The poet brings the journey of the leaf to an end as they fall on the ‘silent’ earth. In his desire for silence wrapped in gold, the poet resonates with earth. The earth knows what is ahead, and the trees play their part. The yellow leaves ruffle and rustle, making the last noises of their lives, before the autumn breeze blows them away.

The trees
give their yellow leaves
back to the earth

The trees let go of the leaves, as if they understand the poet’s ( and the earth’s) want for silence, so that it can prepare for the forthcoming winter.

Alone, listening
to the fading day

The trees are now alone without their noisy and vibrant leaves, stand in the fading light of an autumn evening.

The poem is part of an excellently choreographed ballet practiced and performed in silence, except for the last glitter and flutter of the yellow leaves, as they descend from the tree to the earth.

A straightforward act of the autumn season opens our mind to the layers of meaning between the poet, the trees, and the earth — a symbiotic relationship that repeats year after year.

This poem is a rare connect of autumn to earth, bringing the desire for silence and connecting it with the season of gold.

The art of the autumn:

The dimensions that the four poems have explored : emotional, natural, surreal and earthly elements of autumn, the season of gold.

“Is not this a true autumn day? Just the still melancholy that I love — that makes life and nature harmonise. The birds are consulting about their migrations, the trees are putting on the hectic or the pallid hues of decay, and begin to strew the ground, that one’s very footsteps may not disturb the repose of earth and air, while they give us a scent that is a perfect anodyne to the restless spirit. Delicious autumn! My very soul is wedded to it, and if I were a bird I would fly about the earth seeking the successive autumns.”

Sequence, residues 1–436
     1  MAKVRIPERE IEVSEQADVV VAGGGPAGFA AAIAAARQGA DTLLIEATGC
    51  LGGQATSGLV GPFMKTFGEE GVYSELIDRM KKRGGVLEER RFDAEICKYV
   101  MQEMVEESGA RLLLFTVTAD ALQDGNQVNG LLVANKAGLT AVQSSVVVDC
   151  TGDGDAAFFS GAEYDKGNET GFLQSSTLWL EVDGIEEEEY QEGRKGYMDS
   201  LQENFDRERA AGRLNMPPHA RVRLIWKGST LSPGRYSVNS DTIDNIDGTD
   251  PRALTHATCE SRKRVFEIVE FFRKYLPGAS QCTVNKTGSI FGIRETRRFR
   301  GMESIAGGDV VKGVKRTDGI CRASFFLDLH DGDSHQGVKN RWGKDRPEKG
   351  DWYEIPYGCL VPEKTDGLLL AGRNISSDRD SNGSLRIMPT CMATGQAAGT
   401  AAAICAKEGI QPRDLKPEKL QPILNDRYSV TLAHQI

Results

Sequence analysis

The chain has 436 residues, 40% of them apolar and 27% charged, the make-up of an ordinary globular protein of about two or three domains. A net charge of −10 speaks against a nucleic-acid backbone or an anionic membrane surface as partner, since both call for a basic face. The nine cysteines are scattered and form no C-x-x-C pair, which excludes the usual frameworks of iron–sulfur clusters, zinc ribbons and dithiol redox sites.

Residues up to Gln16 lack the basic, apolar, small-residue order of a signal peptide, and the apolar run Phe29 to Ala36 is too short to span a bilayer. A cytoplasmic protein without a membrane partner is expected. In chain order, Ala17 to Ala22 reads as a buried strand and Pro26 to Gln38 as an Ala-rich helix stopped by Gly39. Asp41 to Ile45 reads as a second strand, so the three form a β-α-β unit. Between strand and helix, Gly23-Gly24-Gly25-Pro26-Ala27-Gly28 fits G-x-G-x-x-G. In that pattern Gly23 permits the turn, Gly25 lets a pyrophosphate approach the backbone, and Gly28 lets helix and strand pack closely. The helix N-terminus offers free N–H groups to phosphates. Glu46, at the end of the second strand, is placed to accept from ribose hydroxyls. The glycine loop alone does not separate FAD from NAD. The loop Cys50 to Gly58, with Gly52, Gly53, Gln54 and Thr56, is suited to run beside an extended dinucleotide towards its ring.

[Letter to Miss Lewis, Oct. 1, 1841]”
George Eliot, George Eliot’s Life, as Related in Her Letters and Journals

Autumn is magic. Autumn is miracle. Autumn is transition of life and beginning of the end, or rejuvenation.

As I walk in the park near my house in Chennai, I suffer a tropical climate where autumn is a pipedream. I have seen autumns during my travels to North America and Europe. But my travels don’t happen always.

But with such good autumn poetry, I can visualize and savor the beauty of the golden season. I am obliged to thank the poets for allowing me to share my thoughts on their poems and through them, breathe the autumn air from far away in a tropical city.

~Ashok Subramanian

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Ashok Subramanian

A poetic mind. Imagines characters, plots. Loves Philosophy, Literature and Science. Poetry-Short Stories-Novels- Poetry Reviews-Book Reviews